Supreme Court to determine alternative methods for execution other than hanging, matter posted to May end.

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Today, the Supreme Court heard a Public Interest Litigation (PIL) seeking to abolish the present practice of executing death row convicts by hanging and asked for its replacement with electrocution, shooting, lethal injection, or gas chamber. Death by hanging involves prolonged pain and suffering whereas other afore-mentioned practices will result in the death of a convict in just a matter of minutes (less painful death). In this context, the top Court posted the matter to the end of May and stated that it is a matter of great concern and required attention. While discussing the matter, Advocate Rishi Malhotra argued that a convict whose life is to end should not suffer the pain of hanging as nothing can be equated with dignity in death. In order to support the argument, the Advocate highlighted that hanging was slowly abandoned by various countries as a method of executing the death penalty. He further contended that approximately 35 states in the USA abandoned the practice of hanging. Along with this, cases, where the convicts had to be left hanging for two days, were addressed by the Advocate before the top Court. Advocate Malhotra further added, “Our own armed forces law provides for two choices- either by shooting or by hanging. These provisions are missing in our CrPC provisions… It is neither quick nor humane- 30 minutes the body keeps hanging till the doctor checks if the person is dead or not.”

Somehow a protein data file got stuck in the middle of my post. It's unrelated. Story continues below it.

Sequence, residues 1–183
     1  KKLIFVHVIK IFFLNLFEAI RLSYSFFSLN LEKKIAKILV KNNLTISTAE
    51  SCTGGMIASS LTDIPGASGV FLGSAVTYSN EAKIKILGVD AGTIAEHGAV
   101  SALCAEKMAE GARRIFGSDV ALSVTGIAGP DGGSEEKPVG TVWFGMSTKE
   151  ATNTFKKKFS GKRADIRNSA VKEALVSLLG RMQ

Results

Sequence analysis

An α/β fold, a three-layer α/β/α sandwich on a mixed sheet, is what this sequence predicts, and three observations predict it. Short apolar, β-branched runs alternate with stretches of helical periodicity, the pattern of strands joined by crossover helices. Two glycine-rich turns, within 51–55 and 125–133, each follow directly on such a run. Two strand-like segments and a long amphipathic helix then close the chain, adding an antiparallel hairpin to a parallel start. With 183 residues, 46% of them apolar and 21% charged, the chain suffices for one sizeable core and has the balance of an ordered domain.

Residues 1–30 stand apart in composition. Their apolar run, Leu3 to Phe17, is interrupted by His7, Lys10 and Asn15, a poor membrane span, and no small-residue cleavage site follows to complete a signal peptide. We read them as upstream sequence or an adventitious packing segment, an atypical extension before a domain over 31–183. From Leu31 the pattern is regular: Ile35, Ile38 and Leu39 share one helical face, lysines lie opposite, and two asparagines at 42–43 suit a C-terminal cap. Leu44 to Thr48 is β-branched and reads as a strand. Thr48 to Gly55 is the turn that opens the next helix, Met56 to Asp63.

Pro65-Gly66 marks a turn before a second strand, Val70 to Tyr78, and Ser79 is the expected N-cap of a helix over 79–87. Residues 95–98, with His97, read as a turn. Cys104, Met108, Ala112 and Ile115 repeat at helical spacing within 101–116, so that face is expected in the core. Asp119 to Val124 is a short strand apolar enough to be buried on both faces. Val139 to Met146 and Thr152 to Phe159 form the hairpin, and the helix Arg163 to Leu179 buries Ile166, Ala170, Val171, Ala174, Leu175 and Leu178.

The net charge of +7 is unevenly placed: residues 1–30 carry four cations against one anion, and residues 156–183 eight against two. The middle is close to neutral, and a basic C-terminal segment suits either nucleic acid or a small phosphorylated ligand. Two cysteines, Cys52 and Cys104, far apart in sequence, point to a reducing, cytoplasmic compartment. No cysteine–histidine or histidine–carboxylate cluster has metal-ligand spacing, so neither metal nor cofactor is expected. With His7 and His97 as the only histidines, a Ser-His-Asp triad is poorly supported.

The two-judge bench comprising Chief Justice of India DY Chandrachud and Justice PS Narasimha looked for alternate methods in context with the cruel and barbaric nature of executing the death penalty by hanging. Justice Narasimha said, “The question of dignity is not under contest. Even the issue of minimum amount of pain is not in contest. The question which remains is what does science offer? Does it offer lethal injections? The judgment says no. Even in America, it was found lethal injection was not right.” Following the discussion, CJI presented his concern towards the use of lethal injections and stated that, “We cannot tell the legislature that you adopt this method. But you can certainly argue that something may be more humane…In lethal injections too, the person really struggles. On what basis does the Law commission say that lethal injection is not a lingering death? There has been great divergences on what chemicals are to be used too. What research is there?” Along with this, CJI Chandrachud asked Attorney General for India R Venkataramani to direct the Court regarding the matter. AG replied, “When a death penalty is executed, it’s executed in the presence of district Magistrate and Superintendent. Of course there may be some reports. What do these reports of these officers says? Do they indicate the extent of pain in prisoners?” He further added to come up with a better perspective regarding the matter. Also, CJI remarked that it would be better to create an expert committee for the same which will include experts from National Law Universities, scientists, and doctors from AIIMS. He further stated, “We can hear perspective on an alternate method or we can see- does this method satisfy the test of proportionality for it to be upheld? We must have some underlying data before we relook at it. You can come back to us by next week and we can formulate a small order and constitute the committee. We can hear on its remit.”